The French word for fish is “poisson”. Now that I think of it, it sounds a lot like poison. Anyways, there’s this expression used in Quebec (and I’m pretty sure nowhere else) when you call someone a “poisson” or a fish it means they’re gullible. Like they’ll gobble up anything. I really wanted this expression to exist in English as it would have been such a good fit for this week’s post title… Oh well.
Look, I’m not going to sit here and pretend Pet is a good show. It really isn’t. There are too many obvious flaws and not enough strenghts to make up for it. Arguably very few if any strenghts. The only thing I can say for it is that I don’t hate it. I want to see where it goes. And for the life of me, I don’t know why.
Maybe it’s because of stray moments of brilliance. There was a scene this week. Hiroki having just left with Katsuragi on a mission for the company, Tsukasa finds himself alone in their apartment getting ready to go meet a company boss. It’s a meeting he’s kept secret from Hiroki and one where he plans to exercise some pressure on this boss. He mumbles happily to himself as he gets dressed. The camera switches angles frequently but only very slightly. The images are often off centred in an odd way, as if the camera wasn’t properly framed. Tsukasa’s speech is disorganized and he almost seems to talk over himself somehow. The actor is varying his pitch and Tsukasa sounds kind of manic yet he never raises his tone in any way. The sound track is jumpy a competes with the voice track. The effect is fantastically unsettling and tense. I was holding my breath without realizing it. It’s a small piece of actually wonderful movie making showing a high level of mastery from the director and it’s wasted on the material.
I say wasted but that’s not even right. I still think the base premise is quite interesting and full of potential. The characters are sadly under-realized but they’re not particularly bad just sort of shallow. And even the plot does have a lot going for itself.
For instance, this week Tsukasa continues to plan his personal escape from the company and his attack on Satoru, keeping everyone else including Hiroki in the dark. Meanwhile an unsteady Hiroki and Satoru are doing their first job alone together, both a little lost without their respective mentors and on a high stakes and very difficult mission. There’s a lot of excitement and tons of cards up in the air. Every body is plotting and trying to come out on top. We’re not sure who’s gonna snap and who’s gonna end up betraying everyone. And we assume Hayashi’s gone but we don’t have any actual proof.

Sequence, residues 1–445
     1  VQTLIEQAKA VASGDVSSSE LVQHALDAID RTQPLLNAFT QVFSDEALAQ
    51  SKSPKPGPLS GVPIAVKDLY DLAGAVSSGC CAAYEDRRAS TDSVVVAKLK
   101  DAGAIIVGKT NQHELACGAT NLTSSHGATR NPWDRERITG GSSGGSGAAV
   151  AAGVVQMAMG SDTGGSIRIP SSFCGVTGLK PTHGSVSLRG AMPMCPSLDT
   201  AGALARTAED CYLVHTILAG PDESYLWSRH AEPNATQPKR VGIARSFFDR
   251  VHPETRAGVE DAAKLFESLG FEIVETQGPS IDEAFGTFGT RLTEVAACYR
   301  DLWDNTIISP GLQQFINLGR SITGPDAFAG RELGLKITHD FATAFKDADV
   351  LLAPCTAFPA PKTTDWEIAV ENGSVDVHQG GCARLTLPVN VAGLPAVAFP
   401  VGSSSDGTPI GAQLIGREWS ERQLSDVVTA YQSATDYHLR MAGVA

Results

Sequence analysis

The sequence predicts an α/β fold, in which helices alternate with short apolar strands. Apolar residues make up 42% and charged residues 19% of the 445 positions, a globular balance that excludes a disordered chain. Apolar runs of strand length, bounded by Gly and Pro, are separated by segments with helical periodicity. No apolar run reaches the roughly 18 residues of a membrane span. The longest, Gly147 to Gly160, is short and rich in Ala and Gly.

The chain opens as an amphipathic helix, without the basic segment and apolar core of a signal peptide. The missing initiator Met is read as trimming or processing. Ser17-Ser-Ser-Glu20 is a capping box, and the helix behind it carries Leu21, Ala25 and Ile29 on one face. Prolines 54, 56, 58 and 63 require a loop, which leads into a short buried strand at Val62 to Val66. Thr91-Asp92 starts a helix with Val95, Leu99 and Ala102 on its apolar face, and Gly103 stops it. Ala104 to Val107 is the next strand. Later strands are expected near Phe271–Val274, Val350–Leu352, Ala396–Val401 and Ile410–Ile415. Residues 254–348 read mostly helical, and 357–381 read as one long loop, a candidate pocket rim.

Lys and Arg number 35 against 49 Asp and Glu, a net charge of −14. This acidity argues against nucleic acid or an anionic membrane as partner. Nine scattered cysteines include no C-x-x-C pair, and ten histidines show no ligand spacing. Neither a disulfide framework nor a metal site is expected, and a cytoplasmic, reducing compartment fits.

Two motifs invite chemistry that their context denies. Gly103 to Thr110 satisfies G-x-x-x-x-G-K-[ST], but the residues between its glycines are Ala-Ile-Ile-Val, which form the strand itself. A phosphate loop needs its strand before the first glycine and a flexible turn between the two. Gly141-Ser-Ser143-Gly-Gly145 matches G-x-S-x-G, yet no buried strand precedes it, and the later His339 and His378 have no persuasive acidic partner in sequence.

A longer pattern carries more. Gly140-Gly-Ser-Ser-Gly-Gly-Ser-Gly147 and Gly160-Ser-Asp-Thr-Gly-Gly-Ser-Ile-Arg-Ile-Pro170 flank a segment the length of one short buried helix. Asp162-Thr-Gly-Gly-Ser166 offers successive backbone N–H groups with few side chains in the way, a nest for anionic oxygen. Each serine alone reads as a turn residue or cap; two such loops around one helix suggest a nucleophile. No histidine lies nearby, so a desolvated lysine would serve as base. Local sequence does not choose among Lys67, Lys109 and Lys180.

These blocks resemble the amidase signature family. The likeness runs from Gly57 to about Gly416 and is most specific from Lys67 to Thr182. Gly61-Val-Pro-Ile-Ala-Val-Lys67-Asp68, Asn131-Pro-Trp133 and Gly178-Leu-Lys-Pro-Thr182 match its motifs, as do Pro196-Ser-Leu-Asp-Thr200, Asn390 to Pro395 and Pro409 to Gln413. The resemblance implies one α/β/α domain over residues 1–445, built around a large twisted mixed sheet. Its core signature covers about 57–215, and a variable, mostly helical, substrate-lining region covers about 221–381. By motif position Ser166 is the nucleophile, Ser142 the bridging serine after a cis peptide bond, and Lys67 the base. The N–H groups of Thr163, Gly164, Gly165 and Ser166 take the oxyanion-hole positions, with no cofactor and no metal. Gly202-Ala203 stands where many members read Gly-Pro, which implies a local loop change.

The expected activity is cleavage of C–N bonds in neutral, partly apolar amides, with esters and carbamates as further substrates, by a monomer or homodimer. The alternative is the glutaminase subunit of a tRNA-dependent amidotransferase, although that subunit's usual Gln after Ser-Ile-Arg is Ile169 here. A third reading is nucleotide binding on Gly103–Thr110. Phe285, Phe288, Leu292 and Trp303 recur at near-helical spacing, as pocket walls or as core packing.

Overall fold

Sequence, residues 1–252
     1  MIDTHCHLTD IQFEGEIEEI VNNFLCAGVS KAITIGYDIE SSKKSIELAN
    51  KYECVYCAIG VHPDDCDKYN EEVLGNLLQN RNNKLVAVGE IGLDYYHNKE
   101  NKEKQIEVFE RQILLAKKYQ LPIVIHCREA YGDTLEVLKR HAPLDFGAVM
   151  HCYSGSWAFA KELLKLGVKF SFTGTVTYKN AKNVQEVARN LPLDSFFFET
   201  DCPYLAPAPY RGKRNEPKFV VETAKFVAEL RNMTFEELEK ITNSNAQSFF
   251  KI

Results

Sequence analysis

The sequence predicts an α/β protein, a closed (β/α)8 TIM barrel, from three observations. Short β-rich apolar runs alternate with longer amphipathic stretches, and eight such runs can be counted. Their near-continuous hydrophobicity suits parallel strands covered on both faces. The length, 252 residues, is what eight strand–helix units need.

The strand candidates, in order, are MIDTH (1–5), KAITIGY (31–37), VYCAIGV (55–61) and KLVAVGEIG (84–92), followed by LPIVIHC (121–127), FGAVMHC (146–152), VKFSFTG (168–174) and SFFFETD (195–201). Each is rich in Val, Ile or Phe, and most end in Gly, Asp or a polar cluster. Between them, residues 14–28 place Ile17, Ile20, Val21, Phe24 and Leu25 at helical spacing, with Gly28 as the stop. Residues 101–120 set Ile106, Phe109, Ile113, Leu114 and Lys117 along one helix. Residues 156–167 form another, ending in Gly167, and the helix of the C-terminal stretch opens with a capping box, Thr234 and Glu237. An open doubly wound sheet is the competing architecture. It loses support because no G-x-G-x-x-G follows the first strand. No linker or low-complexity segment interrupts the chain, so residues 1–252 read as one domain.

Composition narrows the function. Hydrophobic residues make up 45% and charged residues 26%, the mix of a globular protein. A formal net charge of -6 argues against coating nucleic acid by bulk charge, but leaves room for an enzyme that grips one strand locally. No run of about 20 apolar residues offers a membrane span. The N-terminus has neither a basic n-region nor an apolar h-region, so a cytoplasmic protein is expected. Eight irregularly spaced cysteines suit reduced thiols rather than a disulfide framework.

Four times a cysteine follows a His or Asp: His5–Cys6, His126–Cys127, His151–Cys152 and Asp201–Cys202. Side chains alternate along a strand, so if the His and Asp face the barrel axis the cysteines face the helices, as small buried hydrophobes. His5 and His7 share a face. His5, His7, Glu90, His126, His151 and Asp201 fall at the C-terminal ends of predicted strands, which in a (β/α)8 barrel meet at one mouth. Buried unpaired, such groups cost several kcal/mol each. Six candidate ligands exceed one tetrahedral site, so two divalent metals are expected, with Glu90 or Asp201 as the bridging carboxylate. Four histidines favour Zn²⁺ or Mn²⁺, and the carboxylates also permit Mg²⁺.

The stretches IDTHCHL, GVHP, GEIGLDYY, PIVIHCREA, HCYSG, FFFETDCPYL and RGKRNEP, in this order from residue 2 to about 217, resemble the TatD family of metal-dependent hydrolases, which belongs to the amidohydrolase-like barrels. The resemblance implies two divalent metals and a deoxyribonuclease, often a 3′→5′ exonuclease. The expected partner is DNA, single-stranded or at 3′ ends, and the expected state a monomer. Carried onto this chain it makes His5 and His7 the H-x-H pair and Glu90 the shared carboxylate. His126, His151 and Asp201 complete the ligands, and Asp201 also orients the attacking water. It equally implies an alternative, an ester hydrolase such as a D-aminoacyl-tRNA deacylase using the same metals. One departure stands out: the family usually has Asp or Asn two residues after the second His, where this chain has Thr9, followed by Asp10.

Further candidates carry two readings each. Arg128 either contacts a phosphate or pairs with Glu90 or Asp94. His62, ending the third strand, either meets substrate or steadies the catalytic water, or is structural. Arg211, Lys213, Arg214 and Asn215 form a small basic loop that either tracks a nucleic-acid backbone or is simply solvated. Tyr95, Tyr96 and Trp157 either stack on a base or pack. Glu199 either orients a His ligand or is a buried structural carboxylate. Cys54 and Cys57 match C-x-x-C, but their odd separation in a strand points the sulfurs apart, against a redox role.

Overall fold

If you haven’t been following the series, that sounds like a bunch of gibbersih but you might still be getting the idea that it’s one of those twisty crime dramas where you never know who to trust. And it is.
The problem is in execution. It goes off on these needlessly “dark” tagents that I assume are suppose to be disturbing but come off as immature. Kind of the opposite of the feel the series desperately want’s to acheive. And the pacing and exposition are so way off that half the time you’re not sure what’s going on or what everyone’s motivation is which is particularly bad in this type of show.
In the end, I am still watching Pet and I will continue. I want to know if Hiroki is ok, he was ruched to the hospital at the last minute. Probably because he hasn’t been eating lately. I want to know who will come out on top, Tsukasa or Satoru. But frankly, I couldn’t care less about any of the other story threads. Heck, I barely even follow them. But what did pique my interest is enough to keep me going.
Contributed by Irina
from I Drink And Watch Anime!